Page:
Homelessness in the UK is increasing.
The COVID-19 pandemic has had a devastating effect on the jobs market, and more people are in danger of losing their homes in spite of government efforts to prevent people from being evicted.
Then there’s the lack of affordability that causes people to sofa surf, staying at friend’s homes for a few nights before moving on.
Changes to the benefits system have boosted the numbers of those rough sleeping, and cuts in local authority budgets have meant hostels being closed and support services being slashed. There are many reasons why more and more people are finding themselves without a roof over their heads.
The situation is compounded by the fact that three quarters of rough sleepers have problems with mental health, drugs or alcohol, with corresponding support needs.
The causality runs both ways; rough sleepers develop problems due to their circumstances, while those with problems are more likely to find themselves sleeping rough.
What this means is the trauma of homelessness can increase people’s chances of becoming drug or drink dependent, or contribute to mental health problems, and this of course makes it a lot more difficult for a person to get back on track.
Homelessness impacts on communities as well as individuals.
Nobody wants to see people in their city or neighbourhood drinking, begging, or selling their body on the streets, but that’s what can happen and then there’s actual cost of homelessness to the taxpayer which also cannot be ignored.
Research indicates that:
- the average cost of an A&E visit is £147; four out of 10 experiencing homelessness have used A&E in last six month
- £1,668 is the average cost per arrest; seven out of 10 homeless ex-offenders are reconvicted within one year
- £26, 000 is the estimated average cost of a homeless person each year to public purse
- £1 billion is the estimated annual cost of homelessness
Putting in place services which prevent homelessness in the first place, and help people quickly if they find themselves needing support, can contribute to preventing these costs from escalating.
All this evidence points to the fact that ending homelessness is not only beneficial to the people who have moved into housing.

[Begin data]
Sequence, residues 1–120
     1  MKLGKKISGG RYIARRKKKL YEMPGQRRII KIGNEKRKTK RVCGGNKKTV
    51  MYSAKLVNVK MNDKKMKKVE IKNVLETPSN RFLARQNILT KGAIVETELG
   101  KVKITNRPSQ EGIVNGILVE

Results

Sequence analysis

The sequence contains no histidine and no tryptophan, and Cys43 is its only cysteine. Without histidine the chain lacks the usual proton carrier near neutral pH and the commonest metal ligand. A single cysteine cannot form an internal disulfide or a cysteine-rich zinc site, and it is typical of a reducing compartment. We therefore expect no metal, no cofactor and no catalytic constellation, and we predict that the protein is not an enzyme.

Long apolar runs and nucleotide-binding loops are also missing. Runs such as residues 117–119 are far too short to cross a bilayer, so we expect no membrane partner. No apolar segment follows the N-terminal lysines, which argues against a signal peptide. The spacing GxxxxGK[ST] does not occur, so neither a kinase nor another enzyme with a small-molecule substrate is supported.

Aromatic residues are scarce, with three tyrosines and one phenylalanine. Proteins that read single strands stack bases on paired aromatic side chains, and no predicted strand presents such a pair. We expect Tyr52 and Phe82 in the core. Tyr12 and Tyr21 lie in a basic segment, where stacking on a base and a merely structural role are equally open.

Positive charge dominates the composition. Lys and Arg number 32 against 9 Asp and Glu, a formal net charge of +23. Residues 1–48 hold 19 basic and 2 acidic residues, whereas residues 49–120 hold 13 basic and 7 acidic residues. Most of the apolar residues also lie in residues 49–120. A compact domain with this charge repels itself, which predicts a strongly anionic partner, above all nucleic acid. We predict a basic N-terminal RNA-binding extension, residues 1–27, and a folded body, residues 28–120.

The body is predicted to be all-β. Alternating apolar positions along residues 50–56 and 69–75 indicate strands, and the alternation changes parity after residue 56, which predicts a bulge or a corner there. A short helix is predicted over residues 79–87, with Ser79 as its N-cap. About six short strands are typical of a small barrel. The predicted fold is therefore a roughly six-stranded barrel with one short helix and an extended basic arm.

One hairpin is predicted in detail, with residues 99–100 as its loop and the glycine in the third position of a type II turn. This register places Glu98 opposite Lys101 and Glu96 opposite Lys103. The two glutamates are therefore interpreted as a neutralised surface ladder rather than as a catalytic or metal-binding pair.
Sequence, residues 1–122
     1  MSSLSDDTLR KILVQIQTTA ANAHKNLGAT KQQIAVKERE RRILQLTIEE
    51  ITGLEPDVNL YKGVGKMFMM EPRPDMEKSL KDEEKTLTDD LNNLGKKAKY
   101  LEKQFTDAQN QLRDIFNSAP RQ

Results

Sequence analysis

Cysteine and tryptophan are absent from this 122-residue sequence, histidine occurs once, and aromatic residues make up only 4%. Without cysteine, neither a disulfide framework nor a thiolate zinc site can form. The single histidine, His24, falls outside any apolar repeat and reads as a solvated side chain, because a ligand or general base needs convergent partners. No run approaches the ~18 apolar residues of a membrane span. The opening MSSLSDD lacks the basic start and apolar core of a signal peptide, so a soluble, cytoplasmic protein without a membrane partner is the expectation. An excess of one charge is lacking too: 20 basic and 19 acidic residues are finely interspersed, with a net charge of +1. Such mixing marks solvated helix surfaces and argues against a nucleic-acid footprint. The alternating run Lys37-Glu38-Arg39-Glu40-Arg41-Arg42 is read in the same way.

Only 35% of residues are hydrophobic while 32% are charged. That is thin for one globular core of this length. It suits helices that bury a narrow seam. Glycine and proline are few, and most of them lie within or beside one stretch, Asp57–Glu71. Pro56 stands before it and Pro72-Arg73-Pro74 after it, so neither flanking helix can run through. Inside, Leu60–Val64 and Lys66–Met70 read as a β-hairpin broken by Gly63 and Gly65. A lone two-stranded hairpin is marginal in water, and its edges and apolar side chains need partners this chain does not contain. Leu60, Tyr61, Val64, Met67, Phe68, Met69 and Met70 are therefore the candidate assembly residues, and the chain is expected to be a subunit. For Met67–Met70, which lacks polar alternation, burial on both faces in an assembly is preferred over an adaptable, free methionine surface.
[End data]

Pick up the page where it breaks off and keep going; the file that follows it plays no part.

It is beneficial to the community and to the healthcare system as well.
That’s not to say nothing is being done.
The Government has increased funding for local councils as part of its Homelessness Reduction Act and Everyone In policy.
Meanwhile, there are forward-thinking business people such as British entrepreneur and investor, Javad Marandi OBE, and financier Jamie Reuben, who are inspiring a new approach to homelessness.
As the newly- appointed co-chairs of Centrepoint’s Growth Board, they are part of a revolutionary plan to tackle the problem and stop it from spreading.
The growth board is spearheading Centrepoint’s Independent Living Programme (ILP), which is the most important project to be undertaken in the youth homelessness charity’s 50-year history.
It’s a multi-million pound scheme that is the first of its kind anywhere in the world, and is seen as a major innovation in the efforts to curb youth homelessness.
It will enable the most vulnerable young people to build sustainable careers without a simultaneous burden of market housing costs.
The fact is the numbers of young people seeking help from Centrepoint are increasing.
They say that from the start of lockdown to the end of April, a total of 1,314 young people made contact and asked for help, compared with 838 in the same period last year – an increase of 36 per cent.
It is acknowledged that once young people start sleeping rough it becomes harder for them to bounce back.
But through ILP, Centrepoint’s commitment to building 300 homes across London and Greater Manchester aims to change their prospects.
Those aged 16-25, who struggle with or are at risk of homelessness but whose prospects have improved with the help of Centrepoint’s frontline services, will be able to live independently in modern, safe, and affordable homes paying rents that are capped at around a third of their salary.
That means they’ll be able to look forward to a much brighter future, and you can’t put a price on that.